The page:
Do WSJ desta manhã,excertos do novo livro de Alan Greenspan ,ex-Presidente do FED
On his father, who left the family when Greenspan was small:
He always seemed to feel awkward talking to me, and it made me feel awkward, too.
On the author Ayn Rand:
I was intellectually limited until I met her.
On President George W. Bush:
For the five years we overlapped, [he] honored his commitment to the autonomy of the Fed... [He] remained tolerant of, if not receptive to, my criticism of his fiscal policy… The administration also took the Fed's advice on policies we thought were essential for the health of the financial markets [such as cracking down on Fannie Mae and Freddie Mac] … [even though] President Bush had very little to gain politically by supporting [such] a crackdown…
On Bush's refusal to veto Republican bills:
My greatest frustration remained [his] unwillingness to wield his veto … [A] senior White House official [said that] the president didn't want to challenge House Speaker Dennis Hastert. "He thinks he can control him better by not antagonizing him," the official said … To my mind, Bush's collaborate-don't-confront approach was a major mistake.
On former Fed Chairman Paul Volcker:
In conversation I always found him quite introverted and withdrawn… He was a bit of a mystery to me.
On former president Ronald Reagan:
Stored in his head must have been four hundred stories and one-liners; while most of them were humorous, he was able to tap them instantly to communicate politics or policy. It was an odd form of intelligence, and he used it to transform the country's self-image.
On former president George H.W. Bush:
The economy was his Achilles' heel, and as a result we ended up with a terrible relationship.
On Vice President Richard Cheney:
With his combination of intensity and sometimes sphinxlike calm, he'd shown extraordinary skill [as President Ford's chief of staff]. The camaraderie we built in those years following Watergate had not waned.
On former President Bill Clinton:
A fellow information hound [with] a consistent, disciplined focus on long-term economic growth. [His relationship with Monica Lewinsky] made me feel disappointed and sad.
On Clinton Treasury Secretary Robert Rubin and Undersecretary Lawrence Summers during the Mexico peso devaluation crisis:
We became economic foxhole buddies. I felt a mutual trust with Rubin that only deepened as time passed.
On wife Andrea Mitchell:
She always jokes that it took me three tries to propose to her … Actually I proposed five times.
On his testimony in January 2001, supporting tax cuts as long as the budget surplus continued:
I'd misjudged the emotions of the moment. We had just gone through a constitutional crisis over an election – which, I realized in hindsight, is not the best time to try to put across a nuanced position based on economic analysis. Yet I'd have given the same testimony if Al Gore had been president.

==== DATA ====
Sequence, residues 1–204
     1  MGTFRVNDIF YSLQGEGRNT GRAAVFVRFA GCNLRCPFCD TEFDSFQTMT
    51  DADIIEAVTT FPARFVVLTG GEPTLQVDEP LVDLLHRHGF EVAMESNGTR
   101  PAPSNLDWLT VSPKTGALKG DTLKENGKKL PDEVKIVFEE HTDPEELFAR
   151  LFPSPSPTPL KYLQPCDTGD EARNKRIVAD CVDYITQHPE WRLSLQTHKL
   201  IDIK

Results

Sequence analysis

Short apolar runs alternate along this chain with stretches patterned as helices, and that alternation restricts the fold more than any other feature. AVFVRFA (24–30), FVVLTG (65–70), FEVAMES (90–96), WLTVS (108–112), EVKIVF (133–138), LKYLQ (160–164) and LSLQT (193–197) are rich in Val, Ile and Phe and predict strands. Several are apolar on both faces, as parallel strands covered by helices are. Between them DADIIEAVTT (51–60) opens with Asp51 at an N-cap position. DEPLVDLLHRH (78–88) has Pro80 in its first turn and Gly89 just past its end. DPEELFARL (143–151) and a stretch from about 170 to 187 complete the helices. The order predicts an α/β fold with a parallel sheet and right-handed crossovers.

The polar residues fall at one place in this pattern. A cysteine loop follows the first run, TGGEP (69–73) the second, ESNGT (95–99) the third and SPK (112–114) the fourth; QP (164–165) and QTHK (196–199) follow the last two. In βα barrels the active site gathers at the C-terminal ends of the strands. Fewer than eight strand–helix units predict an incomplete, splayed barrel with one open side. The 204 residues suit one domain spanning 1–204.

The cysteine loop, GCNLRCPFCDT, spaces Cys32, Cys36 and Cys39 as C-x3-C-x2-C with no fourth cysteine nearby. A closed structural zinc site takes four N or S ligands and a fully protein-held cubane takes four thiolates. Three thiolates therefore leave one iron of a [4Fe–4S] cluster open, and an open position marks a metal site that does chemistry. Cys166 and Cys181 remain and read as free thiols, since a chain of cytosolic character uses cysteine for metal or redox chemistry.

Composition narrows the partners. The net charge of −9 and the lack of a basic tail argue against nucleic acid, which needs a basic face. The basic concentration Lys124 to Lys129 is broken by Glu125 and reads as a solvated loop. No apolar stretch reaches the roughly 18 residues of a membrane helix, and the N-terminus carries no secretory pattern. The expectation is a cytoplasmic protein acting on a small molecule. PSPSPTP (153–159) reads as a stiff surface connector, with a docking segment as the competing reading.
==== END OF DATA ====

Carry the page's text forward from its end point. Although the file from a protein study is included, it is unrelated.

On beginning to raise rates in 2004:
Our hope was to raise mortgage rates to levels that would defuse the boom in housing, which by then was producing an unwelcome froth.
On subprime mortgages:
[T]he benefits of broadened home ownership are worth the risk. Protection of property rights, so critical to a market economy, requires a critical mass of owners to sustain political support.
The great "problem" inherent in capitalism [is] that creative destruction is often, and by a great many, viewed simply as destruction… Capitalism creates a tug-of-war within each of us. We are alternately the aggressive entrepreneur and the couch potato, who subliminally prefers the lessened competitive stress of an economy where all participants have equal incomes.
On the tension in China between authoritarianism and capitalism:
The communist system is a pyramid in which power flows from the top … The system holds together because each official is beholden to the person directly above him…. However, if market pricing is substituted for any level of the pyramid, political control is lost. You cannot have both market pricing and political control… Today, President Hu appears to wield less political power than did Jiang Zemin, and he less than Deng Xiaoping… Without the political safety valve of the democratic process, I doubt the long-term success of such a regime.
On the current account deficit and the dollar:
It is easy to exaggerate the likelihood of a dollar collapse … I am far more inclined toward the more benign outcome.
On reluctantly accepting the Enron Prize from the James A. Baker Institute at Rice University in November 2001 as the scandal-plagued energy company tumbled towards bankruptcy:
I owed Jim Baker a great deal, so … I agreed to accept the award.
On corporate governance:
Corporate governance had morphed into a kind of authoritarianism… The CEO of a profitable corporation today is given vast powers by the board of directors he essentially appoints.